As the waters slowly rise, a parasitic industry has emerged. Luxury cruise ships carry tourists - many of them Westerners - up and down the Yangtze River on "farewell cruises." Chinese-Canadian filmmaker Yung Chang takes one of these cruises and documents the lives of the dispossessed on the river's banks, as well as the hardworking young people employed by the cruise ships, in the fascinating, moving documentary Up the Yangtze.
One of those displaced by the rising river is Yu Shui, a 16-year-old girl who dreams only of going to high school. Her parents are illiterate subsistence farmers for whom daily life is a constant struggle. The family lives in extreme poverty in a hand-built shack on the banks of the river: a temporary patchwork home that they occupy until the waters force them to move once again to higher ground. Yu Shui must put off high school so that she can work to support her family. Ironically, she is employed by the cruise line that regularly steams past her doomed home. In the eyes of her employers and co-workers, she's a country bumpkin. To her family, drowning in poverty, she's a lifeline.
Another new employee of the Victoria cruise ship is Chen Bo Yu, a cocky young man from a middle-class family. He is one of China's so-called "little emperors": an indulged and self-indulgent single son, the product of China's "one-child" policy. Tall and handsome, with good English skills, he works on the upper decks while Yu Shui scrubs dishes in the galley below.
Up the Yangtze offers a revealing picture of peasant life in China, as well as the emerging class structure - the upstairs/downstairs life - that has accompanied the rapid rise of capitalism. In the contrasts between Yu Shui and Chen Bo Yu - one a child of poverty, the other a child of privilege - Chang explores the changes, both good and bad, that the future promises to bring for young people in China.
Up the Yangtze looks past the rhetoric and propaganda about the dam and views the collateral damage: the people like Yu Shui's parents who will be left behind in the country's relentless march toward progress and prosperity. While Western tourists view the model homes supposedly occupied by the happily displaced and tour guides paint a rosy picture of the blessings of modernization, the Yu family moves from one hovel to another. Up the Yangtze is a melancholy meditation on a world that is disappearing - not just in China, but everywhere that capitalism and globalization are changing lives and landscapes around the world. The Yu family's plight makes for genuinely engrossing drama, made all the more affecting and poignant because it is real.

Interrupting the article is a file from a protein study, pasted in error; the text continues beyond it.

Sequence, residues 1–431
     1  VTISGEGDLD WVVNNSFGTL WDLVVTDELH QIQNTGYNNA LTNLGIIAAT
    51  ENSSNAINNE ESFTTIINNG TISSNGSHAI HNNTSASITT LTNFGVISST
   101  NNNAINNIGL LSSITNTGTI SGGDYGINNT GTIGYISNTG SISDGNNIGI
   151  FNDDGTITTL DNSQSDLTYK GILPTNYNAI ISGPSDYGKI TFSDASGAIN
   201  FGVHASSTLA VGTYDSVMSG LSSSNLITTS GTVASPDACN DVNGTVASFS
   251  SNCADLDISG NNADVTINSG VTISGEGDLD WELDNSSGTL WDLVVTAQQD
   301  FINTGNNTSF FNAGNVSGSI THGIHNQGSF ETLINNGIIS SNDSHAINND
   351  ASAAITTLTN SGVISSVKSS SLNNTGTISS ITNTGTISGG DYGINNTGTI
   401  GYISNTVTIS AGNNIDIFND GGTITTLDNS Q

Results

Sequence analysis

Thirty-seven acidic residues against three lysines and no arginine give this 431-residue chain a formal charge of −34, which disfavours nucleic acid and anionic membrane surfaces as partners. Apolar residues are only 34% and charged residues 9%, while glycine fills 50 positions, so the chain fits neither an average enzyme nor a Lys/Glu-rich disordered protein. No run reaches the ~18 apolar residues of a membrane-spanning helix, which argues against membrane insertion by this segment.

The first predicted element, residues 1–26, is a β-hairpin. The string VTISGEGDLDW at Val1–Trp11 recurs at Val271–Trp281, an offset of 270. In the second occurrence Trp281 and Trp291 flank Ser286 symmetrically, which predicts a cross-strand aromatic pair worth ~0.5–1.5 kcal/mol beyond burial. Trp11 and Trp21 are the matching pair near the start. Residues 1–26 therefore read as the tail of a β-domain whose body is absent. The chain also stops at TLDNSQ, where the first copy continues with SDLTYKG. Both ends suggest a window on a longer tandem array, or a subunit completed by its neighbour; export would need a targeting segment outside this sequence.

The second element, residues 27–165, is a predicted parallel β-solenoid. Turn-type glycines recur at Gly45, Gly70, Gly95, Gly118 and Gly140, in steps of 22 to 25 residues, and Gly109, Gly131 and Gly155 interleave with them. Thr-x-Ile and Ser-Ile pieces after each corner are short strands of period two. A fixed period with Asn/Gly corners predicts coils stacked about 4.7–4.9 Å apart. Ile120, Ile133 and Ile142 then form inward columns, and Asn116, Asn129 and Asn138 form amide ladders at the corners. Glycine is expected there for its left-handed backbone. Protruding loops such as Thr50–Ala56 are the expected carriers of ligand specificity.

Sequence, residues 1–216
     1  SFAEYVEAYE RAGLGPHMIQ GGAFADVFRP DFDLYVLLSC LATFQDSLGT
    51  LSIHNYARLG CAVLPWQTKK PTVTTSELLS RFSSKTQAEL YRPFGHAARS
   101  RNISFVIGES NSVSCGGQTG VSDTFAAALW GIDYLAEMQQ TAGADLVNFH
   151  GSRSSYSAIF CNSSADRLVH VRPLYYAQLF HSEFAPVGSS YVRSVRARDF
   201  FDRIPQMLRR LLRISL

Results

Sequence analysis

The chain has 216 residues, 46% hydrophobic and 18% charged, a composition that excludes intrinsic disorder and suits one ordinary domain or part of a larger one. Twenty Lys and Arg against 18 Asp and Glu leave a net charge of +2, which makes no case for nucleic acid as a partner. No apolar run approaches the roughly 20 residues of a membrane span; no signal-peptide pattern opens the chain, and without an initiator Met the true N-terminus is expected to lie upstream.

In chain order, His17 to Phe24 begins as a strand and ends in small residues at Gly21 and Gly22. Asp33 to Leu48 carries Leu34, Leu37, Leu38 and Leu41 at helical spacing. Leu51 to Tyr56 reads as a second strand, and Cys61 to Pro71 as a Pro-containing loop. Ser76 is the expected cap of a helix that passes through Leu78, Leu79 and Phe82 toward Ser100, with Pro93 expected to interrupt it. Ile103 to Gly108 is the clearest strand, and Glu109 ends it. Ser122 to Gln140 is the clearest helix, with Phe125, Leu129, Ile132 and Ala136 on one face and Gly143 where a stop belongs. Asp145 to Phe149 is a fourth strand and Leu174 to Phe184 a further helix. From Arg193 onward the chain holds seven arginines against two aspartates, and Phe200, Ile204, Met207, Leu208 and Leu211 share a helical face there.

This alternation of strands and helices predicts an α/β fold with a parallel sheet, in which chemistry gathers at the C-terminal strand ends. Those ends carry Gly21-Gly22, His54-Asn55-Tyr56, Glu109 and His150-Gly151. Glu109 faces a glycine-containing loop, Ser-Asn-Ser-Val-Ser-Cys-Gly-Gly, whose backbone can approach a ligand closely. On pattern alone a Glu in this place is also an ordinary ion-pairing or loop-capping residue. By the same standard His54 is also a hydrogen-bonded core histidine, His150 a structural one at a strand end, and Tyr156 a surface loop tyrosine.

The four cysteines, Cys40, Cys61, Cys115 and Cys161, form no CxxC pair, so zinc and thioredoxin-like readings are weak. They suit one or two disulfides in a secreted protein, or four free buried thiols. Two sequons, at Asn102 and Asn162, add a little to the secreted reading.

Chang could not have asked for a more engaging and heartbreaking subject than Yu Shui, a modest girl with modest dreams who gradually emerges from her shell with a giddy sense of possibility and opportunity. In her own way, she is a model of the new and rapidly changing China, while her parents remain trapped by crushing poverty and lack of education in an old China that is quickly disappearing.
Up the Yangtze serves partly as a quietly contemplative polemic on the Three Gorges Dam; but it is not so much a critique of China's paternalistic, top-down philosophy of governance as it is a revealing look at the way that system - Mao's system - is also giving way to Western ideals of individualism and personal success. But even as it looks at the larger controversy surrounding the dam, the film stays rooted in the immediate, apolitical, day-to-day concerns and struggles of ordinary citizens, and views the impact of the project through the eyes of the people left to sink or swim in the rising waters.